Sunday night at the Moore Theater, Seattle was treated to an epic evening of thundering rockabilly by Irish music sensation Imelda May, followed by a sizzling set by jazz pop sweetheart Jamie Cullum that was finished off with a triple encore. The house was packed and the audience jazzed, but if you missed these fabulous performances, my review and videos will tell all. Imelda May took the stage with cherry red lipstick and a mini dress to match, delivering a full set of her specialty rockabilly/blues/jazz with her powerful vocals. In addition to her singing talent, May displayed a personality as fiery as the red in her attire. After telling the audience of her recent crossing over the Canadian border, an audience member jokingly asked if she had been caught smoking, to which she retorted with a devilish smile, “I didn’t smoke anything, you filthy man; I had tea.” Along with her four-piece band, May was a vibrant fireball of red on the stage, garnering attention through her sultry, quieter ballads, while at the next moment engaging us all in a lively call and response.
The audience was left roaring for more when she announced her last song, and she earned a adamant standing ovation. Even though many of us may not have heard of May until now, if you watched the Grammy’s last month, you might have seen her live performance with Jeff Beck as the lead singer for his cover of “How High the Moon.” She has two albums out, No Turning Back and Love Tattoo; check them both out for a taste of modern rockabilly brought to life by the captivating Imelda May.
If there is anyone who can jazz up a Top 40 hit, turn a piano into a percussion instrument, and pull off wearing silver shoes with red and blue socks, that person is British jazz sensation Jamie Cullum. All of the aforementioned occurrences did indeed happen at Cullum’s lively show at the Moore. His show was full of random, comedic events that made it apparent why Cullum fans packed the Moore and gave him a standing ovation even before his performance began. Cullum is known for improvising his shows with songs that are rooted in jazz, but are also inclusive of other genres as well. Opening with a jazzed up version of Rihanna’s “Please Don’t Stop the Music,” Cullum and his four piece band also performed their version of the White Stripes‘ “Seven Nation Army” and included a number of improv jazz and scat sessions, one of which featured Cullum using his piano for percussion. Signature Jamie Cullum songs from his newest album The Pursuit, as well as older albums including Catching Tales and Twentysomething were also included.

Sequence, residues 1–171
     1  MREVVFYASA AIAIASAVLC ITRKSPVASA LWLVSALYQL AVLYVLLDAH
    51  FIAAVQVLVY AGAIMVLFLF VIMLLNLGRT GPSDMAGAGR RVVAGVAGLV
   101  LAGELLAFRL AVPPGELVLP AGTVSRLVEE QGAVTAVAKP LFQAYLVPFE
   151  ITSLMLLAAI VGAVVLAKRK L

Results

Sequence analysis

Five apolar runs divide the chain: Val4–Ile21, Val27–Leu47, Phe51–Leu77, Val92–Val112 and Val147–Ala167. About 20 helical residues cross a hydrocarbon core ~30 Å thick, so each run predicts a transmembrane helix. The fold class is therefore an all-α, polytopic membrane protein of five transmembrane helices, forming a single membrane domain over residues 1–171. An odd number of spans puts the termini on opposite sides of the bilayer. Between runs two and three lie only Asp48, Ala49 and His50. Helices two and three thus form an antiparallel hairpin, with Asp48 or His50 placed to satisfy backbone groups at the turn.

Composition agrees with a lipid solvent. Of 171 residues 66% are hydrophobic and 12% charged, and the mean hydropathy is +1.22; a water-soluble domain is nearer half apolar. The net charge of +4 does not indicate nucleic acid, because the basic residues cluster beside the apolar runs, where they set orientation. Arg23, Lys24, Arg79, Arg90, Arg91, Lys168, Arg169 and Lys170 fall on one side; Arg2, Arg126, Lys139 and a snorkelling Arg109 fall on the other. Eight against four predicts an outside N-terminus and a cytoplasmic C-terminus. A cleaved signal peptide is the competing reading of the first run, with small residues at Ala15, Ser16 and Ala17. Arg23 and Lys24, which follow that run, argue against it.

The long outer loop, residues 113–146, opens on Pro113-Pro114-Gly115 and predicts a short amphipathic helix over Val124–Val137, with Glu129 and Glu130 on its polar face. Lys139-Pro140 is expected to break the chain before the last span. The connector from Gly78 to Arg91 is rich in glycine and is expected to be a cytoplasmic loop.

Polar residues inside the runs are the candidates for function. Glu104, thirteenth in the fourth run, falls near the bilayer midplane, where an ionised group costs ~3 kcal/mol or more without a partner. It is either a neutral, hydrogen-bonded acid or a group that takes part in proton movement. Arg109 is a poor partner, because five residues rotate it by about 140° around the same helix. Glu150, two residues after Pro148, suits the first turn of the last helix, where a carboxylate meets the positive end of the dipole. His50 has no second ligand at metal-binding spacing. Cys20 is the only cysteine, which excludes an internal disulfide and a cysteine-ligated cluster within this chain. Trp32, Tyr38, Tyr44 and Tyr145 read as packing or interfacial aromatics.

Cullum and his band had the crowd’s full attention and they used it well, encouraging all to sing and dance along, filling the Moore with deafening sound. They didn’t even have to ask for silence during a softer ballad; the entire theater seemed to be holding its breath, salvaging every last whisper of a note uttered by Cullum. In these rare moments of peace and quiet, all else that could be heard was the faint buzz of the sound system, which was my only complaint about the entire night’s show. Throughout the entire two-hour set, Cullum appeared genuinely excited to be here in Seattle with his devoted audience, taking time to share humorous anecdotes to introduce songs, one of which is entitled “My Yard,” a song about the booty call, and the other written in memory of his days before he knew what a booty call was, a song appropriately named “Mixtape.”
He was sipping what appeared to be an energy drink throughout the show, and as he sang, danced, and played his piano with fervent passion, it was understood why he might need an extra energy boost. Aside from his onstage antics, which included him leaping atop his piano several times, perhaps the best moment of the night was when Cullum and his band relocated to the ground floor, setting up camp in one of the aisles to sing the lyrics to the original “Cry Me a River” to the tune of the Justin Timberlake pop hit, all the while surrounded by fans who were both stunned and excited to be so close to Cullum (see the video clip below). The performance ended with a triple encore, during which Cullum played some of his best-known hits including “Wind Cries Mary” and “All at Sea,” the audience harmonizing along, just the way Cullum wanted it to be.
Jamie Cullum and Imelda May are both representative of musical genres that have largely lost their younger audiences modern music. While they cannot necessarily make rockabilly and jazz as popular as rock and hip-hop, Cullum and May are bringing much-needed creative zest and youth to the genres, proving that musical revivals are indeed possible.